Have Big Publishers Become a Bunch of Zombies?

I have a confession to make. My high school nickname was “Zombie.”

The moniker was intended as an insult, but I loved it. I dressed in black, dyed my hair a dead ash color and wore ghastly white lipstick. I was goth before goth was cool. My senior year, my family moved to a house next to the town’s graveyard and I’d ask guys to drop me off at the iron gates. When they asked where I really lived, I’d go all spooky. Silly fun.

But right now, I’m totally over zombies and all things undead.


1)     They stopped being funny. Zombies first hit mainstream American culture with a hilarious 1950s Calypso song about dancing zombies, with the chorus, “Back to back/belly to belly/I don’t give a damn ’cause it doesn’t matter really.”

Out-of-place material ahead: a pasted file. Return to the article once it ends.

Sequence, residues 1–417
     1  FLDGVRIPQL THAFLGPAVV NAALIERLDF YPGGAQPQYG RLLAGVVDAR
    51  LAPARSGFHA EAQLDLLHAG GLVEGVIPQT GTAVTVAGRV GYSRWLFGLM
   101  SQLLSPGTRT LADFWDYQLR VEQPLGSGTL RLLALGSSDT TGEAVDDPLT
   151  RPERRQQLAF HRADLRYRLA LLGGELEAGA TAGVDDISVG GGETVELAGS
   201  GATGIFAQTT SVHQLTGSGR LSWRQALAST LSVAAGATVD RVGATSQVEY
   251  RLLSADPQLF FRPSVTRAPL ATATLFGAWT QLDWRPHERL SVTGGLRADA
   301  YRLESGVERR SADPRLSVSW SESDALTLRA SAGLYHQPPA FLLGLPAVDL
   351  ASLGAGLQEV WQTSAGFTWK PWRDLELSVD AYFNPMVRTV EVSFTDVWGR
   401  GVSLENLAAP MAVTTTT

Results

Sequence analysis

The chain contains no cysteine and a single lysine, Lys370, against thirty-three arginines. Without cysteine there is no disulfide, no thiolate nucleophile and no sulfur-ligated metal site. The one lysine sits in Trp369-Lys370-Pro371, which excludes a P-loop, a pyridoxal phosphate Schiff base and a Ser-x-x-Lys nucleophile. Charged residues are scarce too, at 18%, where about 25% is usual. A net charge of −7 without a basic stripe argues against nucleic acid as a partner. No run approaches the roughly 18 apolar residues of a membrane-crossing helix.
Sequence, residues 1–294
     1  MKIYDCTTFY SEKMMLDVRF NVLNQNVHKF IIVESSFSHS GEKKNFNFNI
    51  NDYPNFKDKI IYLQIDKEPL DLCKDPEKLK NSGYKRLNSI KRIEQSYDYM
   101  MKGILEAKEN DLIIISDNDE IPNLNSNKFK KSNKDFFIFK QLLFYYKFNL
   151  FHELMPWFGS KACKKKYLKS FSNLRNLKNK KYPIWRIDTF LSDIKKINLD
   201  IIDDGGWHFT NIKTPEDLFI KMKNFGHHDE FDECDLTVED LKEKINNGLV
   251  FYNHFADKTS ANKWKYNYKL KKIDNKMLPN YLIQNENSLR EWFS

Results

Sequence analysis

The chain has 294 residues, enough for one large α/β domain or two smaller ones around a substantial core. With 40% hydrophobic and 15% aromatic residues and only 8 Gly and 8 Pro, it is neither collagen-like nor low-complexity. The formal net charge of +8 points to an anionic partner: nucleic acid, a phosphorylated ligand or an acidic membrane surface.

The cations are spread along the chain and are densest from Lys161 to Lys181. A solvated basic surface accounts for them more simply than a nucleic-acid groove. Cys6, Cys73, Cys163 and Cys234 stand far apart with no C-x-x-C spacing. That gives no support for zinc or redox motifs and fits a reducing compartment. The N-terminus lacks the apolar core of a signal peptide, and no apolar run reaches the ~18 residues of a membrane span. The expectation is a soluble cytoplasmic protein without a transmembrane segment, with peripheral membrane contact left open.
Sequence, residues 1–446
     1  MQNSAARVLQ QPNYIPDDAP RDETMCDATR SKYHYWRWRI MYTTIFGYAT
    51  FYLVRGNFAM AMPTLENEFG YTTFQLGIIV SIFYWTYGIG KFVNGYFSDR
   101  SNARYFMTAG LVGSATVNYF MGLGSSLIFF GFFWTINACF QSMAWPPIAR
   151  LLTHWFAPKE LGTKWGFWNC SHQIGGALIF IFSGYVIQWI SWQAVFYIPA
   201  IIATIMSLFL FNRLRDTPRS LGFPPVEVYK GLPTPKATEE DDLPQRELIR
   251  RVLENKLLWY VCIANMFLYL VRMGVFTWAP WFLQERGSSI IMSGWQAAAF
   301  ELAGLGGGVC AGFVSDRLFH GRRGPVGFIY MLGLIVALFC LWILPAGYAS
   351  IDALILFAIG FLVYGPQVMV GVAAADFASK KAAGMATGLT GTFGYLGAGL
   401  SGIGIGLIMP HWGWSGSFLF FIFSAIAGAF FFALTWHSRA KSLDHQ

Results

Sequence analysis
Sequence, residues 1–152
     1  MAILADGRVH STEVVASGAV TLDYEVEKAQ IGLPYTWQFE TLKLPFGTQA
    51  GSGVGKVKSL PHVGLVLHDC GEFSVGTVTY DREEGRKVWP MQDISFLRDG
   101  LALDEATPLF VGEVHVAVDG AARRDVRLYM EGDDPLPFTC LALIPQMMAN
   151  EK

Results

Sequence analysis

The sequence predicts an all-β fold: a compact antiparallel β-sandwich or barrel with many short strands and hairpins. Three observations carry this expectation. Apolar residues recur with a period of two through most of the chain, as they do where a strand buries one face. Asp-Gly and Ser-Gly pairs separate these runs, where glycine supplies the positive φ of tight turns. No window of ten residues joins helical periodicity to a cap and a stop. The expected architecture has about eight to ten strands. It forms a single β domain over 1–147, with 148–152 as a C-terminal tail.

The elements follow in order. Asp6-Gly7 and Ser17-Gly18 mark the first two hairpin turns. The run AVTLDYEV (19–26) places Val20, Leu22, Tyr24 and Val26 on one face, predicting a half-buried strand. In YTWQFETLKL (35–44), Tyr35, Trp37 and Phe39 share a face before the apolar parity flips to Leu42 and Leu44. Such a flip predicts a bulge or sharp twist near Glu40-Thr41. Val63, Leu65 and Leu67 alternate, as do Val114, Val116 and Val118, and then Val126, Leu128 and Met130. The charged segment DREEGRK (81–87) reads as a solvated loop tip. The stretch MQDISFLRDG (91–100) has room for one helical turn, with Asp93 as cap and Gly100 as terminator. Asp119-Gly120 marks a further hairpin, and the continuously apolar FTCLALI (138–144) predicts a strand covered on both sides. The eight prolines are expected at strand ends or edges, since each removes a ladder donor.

George Romero’s 1960s classic Night of the Living Dead was high camp for stoners. People didn’t watch it to identify with the suffering hero. They watched it to revel in its low-budget outrageousness.

The 2004 film Shaun of the Dead is one of my favorite Britflix ever. It has the memorable line, “Just look at the face: it's vacant, with a hint of sadness. Like a drunk who's lost a bet.”

But the other night I tried to watch The Walking Dead. I was equally bored and revolted. Realism ruins all the fun. You see one exploding zombie head, you’ve seen them all. And watching a little kid suffer as he locks his suddenly brain-eating mother out of the house is just icky. If I want high tragedy, I’ll re-read King Lear.